Farm Marketing
May 27, 2016
Consumers Don’t Really Know What GMO Means, New Study Finds
A study from the University of Florida confirms what many farm marketers suspected: Consumers don't understand genetically modified food and organisms as well as they think they do. Read More
Asian citrus psyllid closeup
Insect & Disease Update
May 27, 2016
Alabama Agriculture Department To Conduct Citrus Psyllid Survey
Currently, Alabama is the only citrus-growing state that has not yet detected citrus greening. Read More
Ready To Spring
Insect Control
May 26, 2016
Temperature, Location Key To Predicting Leaffooted Bug Pressure
This year, leaffooted bugs are expected to be a significant problem in almonds and pistachios, but watching temperature and the Read More
The Latest
Farm Management
May 30, 2016
‘Fresh Attitude Week’ Promot…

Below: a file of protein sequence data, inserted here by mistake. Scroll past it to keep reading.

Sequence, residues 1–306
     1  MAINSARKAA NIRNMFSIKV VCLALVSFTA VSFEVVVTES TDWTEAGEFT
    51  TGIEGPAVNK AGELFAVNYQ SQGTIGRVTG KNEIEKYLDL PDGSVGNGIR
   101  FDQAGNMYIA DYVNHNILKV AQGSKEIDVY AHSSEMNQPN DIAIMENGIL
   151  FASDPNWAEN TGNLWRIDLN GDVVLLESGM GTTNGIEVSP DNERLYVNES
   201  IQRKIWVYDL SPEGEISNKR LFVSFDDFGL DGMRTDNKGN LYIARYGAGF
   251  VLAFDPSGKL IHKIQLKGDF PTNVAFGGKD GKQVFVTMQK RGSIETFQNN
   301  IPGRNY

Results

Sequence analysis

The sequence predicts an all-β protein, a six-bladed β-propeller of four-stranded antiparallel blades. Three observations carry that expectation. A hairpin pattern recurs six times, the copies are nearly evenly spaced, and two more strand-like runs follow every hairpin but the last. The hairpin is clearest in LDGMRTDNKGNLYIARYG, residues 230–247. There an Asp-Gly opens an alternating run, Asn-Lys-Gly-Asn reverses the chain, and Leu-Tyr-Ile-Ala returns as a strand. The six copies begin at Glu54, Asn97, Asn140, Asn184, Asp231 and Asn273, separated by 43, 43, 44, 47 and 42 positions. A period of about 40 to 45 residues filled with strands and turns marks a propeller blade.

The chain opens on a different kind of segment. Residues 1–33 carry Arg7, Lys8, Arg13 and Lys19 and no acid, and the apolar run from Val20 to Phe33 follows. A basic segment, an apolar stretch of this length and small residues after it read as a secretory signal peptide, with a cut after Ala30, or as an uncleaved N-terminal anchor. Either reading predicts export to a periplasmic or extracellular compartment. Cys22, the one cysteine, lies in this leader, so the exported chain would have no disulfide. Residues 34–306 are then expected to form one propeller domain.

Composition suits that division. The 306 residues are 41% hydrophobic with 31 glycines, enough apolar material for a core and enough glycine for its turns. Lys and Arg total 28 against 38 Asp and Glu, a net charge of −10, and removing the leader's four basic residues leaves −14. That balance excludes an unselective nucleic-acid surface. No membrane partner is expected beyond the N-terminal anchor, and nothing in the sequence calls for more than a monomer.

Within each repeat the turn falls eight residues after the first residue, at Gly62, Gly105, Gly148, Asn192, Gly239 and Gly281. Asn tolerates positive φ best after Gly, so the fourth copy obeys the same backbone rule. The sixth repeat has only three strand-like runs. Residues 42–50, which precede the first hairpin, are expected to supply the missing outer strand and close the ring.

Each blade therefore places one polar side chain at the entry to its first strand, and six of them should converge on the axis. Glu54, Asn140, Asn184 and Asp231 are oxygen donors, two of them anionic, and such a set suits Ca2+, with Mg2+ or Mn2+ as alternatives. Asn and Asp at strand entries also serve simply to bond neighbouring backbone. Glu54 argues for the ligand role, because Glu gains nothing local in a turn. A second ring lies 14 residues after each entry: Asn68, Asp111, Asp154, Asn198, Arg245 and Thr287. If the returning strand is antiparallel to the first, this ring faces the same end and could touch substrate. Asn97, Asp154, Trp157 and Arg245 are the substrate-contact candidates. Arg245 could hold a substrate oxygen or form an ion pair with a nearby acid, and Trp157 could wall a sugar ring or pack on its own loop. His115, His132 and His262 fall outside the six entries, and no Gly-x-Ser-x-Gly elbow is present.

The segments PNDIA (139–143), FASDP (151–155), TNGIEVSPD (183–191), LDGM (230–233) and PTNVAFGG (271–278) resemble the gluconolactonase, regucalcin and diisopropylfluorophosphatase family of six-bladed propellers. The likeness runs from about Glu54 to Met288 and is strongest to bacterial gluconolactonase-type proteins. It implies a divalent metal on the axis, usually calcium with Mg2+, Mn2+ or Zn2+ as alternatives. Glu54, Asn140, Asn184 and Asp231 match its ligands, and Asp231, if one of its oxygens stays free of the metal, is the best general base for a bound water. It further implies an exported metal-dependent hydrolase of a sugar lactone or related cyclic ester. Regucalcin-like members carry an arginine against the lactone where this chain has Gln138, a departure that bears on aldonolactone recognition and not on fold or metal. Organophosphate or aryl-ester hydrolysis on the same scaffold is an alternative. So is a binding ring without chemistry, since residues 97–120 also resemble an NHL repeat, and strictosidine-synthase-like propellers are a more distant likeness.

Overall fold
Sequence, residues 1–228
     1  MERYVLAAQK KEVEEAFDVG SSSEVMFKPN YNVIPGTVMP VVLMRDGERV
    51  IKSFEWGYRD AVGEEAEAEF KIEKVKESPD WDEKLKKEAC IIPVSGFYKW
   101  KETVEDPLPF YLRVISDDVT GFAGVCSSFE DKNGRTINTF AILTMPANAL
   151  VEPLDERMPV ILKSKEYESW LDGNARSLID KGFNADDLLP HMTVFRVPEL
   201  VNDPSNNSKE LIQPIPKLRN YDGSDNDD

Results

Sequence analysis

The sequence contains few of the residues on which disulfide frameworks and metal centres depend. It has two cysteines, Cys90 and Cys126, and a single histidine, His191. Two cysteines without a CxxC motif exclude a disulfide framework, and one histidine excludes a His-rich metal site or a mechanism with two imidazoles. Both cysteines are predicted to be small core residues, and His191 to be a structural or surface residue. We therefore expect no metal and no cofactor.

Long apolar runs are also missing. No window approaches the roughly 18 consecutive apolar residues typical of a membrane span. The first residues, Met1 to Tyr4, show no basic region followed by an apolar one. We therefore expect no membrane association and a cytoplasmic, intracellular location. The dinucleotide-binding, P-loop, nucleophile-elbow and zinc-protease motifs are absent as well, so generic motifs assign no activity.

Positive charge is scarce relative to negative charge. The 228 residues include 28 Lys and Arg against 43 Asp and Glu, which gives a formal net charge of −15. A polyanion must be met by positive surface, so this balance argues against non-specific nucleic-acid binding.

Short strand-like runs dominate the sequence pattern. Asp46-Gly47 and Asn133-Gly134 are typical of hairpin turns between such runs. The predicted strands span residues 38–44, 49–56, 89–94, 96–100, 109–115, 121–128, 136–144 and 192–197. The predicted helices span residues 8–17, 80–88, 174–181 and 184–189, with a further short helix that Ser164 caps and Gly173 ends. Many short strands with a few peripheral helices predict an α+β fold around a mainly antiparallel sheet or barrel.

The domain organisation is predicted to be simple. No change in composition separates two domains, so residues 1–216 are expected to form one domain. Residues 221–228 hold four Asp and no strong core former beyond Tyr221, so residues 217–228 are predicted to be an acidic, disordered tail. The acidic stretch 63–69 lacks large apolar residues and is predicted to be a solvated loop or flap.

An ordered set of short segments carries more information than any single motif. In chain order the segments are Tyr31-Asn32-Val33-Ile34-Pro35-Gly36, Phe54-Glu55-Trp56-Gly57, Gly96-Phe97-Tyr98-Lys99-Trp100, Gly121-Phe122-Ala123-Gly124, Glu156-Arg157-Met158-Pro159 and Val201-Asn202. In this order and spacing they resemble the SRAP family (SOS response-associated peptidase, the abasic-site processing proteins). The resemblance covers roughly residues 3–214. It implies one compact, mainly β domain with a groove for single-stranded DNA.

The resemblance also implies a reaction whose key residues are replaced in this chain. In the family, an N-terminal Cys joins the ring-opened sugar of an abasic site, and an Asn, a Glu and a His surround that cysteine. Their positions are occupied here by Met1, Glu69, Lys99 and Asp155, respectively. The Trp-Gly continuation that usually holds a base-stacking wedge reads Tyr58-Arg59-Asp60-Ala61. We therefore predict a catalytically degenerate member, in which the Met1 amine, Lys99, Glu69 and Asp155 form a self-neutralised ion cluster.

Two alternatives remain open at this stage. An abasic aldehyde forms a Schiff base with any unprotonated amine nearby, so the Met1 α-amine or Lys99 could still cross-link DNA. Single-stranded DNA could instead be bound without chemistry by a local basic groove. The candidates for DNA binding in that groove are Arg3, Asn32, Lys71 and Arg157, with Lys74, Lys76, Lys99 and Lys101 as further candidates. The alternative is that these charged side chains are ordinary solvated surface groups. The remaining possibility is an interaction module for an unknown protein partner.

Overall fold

The largest U.S. urban school districts host weeklong celebration, Fresh Attitude Week, which highlights fresh fruits and vegetables and other nutrition education activities. Read More
Apples & Pears
May 30, 2016
Is Your Orchard Ready For Mechanization?
Automation is on the horizon, and it would be beneficial if you’re planting with that in mind. Read More
Apples & Pears
May 29, 2016
Orchard Systems Matter With Mechanizatio…
“It takes years to turn orchards from a big, wild 3-D tree to a narrow canopy — a lot of Read More
Fruits
May 28, 2016
Orchard Automation Is On The Horizon
Industry experts say the advent of fully automated orchard tasks are on the cusp of happening — with a few companies leading the automotive harvest charge. Read More